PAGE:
Wednesday, April 13, 2016

AAR names environmental award recipients

Written by 
  • Print
  • Email
The AAR awarded CSX's Michael Hoey the 2016 John H. Chafee Environmental Excellence Award. The AAR awarded CSX's Michael Hoey the 2016 John H. Chafee Environmental Excellence Award. AAR

The Association of American Railroads on April 12, 2016 presented Michael Hoey, a CSX Transportation civil engineer from Philadelphia, Pa., the 2016 John H. Chafee Environmental Excellence Award. U.S. Senator Cory Gardner (R-Colo.) was the 2016 John H. Chafee Congressional Environmental Award.

Hoey was honored today for his career contributions to environmental standards in rail construction and design processes. “He has been at the forefront of CSX Transportation’s efforts to incorporate green considerations into construction projects from the first control processes in the 1980s to today’s extensive permitting, rigorous compliance and thoughtful remediation plans,” CSX said in nominating him. “His early experiences constructing waste water treatment facilities at rail yards in New York and Massachusetts set the foundation for his ability to proactively identify potential areas of environmental concern in the future.”

Hoey is project manager of CSX’s National Gateway, a system of clearance projects that allow for doublestack intermodal freight. Within the project, he has been instrumental in diverting soil, rock and other debris from the landfill through the creation of Excess Material Placement Areas (EMPA). Today, the EMPA process is incorporated into CSX’s construction projects across the railroad’s entire network. The EMPAs incorporated into the National Gateway projects have eliminated the need to landfill more than 1.3 million cubic yards of excess soil and stone and avoided more than 112,000 tons of carbon dioxide emissions.

In addition to Hoey, five other railroaders from the industry’s “Big Seven” Class I’s were nominated for the 2016 John H. Chafee Award:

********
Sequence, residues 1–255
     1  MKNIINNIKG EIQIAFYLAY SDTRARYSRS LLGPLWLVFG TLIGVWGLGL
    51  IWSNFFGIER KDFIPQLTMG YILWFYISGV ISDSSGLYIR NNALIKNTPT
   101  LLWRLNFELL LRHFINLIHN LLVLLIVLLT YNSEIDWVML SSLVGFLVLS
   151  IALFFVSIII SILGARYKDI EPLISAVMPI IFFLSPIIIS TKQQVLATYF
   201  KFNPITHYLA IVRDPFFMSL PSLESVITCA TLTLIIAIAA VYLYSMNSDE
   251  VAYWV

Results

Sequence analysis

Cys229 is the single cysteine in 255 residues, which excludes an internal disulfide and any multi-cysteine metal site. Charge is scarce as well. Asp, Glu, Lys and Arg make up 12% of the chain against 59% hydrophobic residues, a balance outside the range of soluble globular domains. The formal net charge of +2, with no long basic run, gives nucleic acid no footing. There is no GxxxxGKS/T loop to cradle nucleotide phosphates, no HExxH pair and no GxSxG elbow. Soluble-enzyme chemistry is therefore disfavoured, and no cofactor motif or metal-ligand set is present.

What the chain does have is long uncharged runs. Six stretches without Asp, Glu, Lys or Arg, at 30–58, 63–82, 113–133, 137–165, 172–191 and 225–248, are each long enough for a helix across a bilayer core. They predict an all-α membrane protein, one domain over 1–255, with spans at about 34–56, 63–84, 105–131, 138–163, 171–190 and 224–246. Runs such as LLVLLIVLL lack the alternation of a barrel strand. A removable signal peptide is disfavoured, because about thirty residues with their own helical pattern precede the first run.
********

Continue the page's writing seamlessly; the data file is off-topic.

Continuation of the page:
Peter Arato, Canadian Pacific: As the lead for Canadian Pacific’s Positive Train Control (PTC) project, Arato realized the need for a streamlined environmental and tribal review process for PTC wayside infrastructure that would meet all regulatory needs in an extremely compressed timeline. He worked very closely with his company’s Environmental Risk Department and was a key contributor at information-sharing sessions with stakeholders. Arato facilitated an expedited review process that reduced the turnaround time of environmental screening and tribal engagement from six months to under eight weeks. As a direct result of his leadership, Canadian Pacific has completed the review process for all wayside installations on its PTC subdivisions. As part of the Engineering leadership team, Arato ensured the development of a full-bodied internal compliance process which captures the requirements of both the Federal Communication Commission’s Environmental Rules as well as its Licensing Rules. The use of the internal environmental review and compliance processes developed during the screening of PTC sites has been expanded to encompass all Signals and Communication assets and to include review for compliance with other environmental rules and regulations.

Jeff Cutright, Norfolk Southern: Cutright has devoted much of his career to improving locomotive performance and reliability. Along the way, he has become an industry expert on locomotive diesel emissions and environmental compliance. Cutright has overseen emissions compliance issues, ensuring that locomotives are maintained and overhauled to standards that meet or exceed requirements set by the U.S. Environmental Protection Agency. He has advanced Norfolk Southern’s locomotive rebuild program, lowered locomotive maintenance and overhaul costs, enabled the company to optimize fuel economy on older locomotives and helped lower emissions. The locomotive rebuild program alone reduces the number of new locomotives the company must buy, helps improve customer service and reduces environmental impacts from railroad operations. Cutright serves on an industry technical advisory group on natural gas, a potential “game changer” in terms of reducing fuel costs and emissions linked to climate change. Through his railroad’s employee volunteer program, he has organized teams to participate in projects such as Saturday clean-ups of public parks and green space.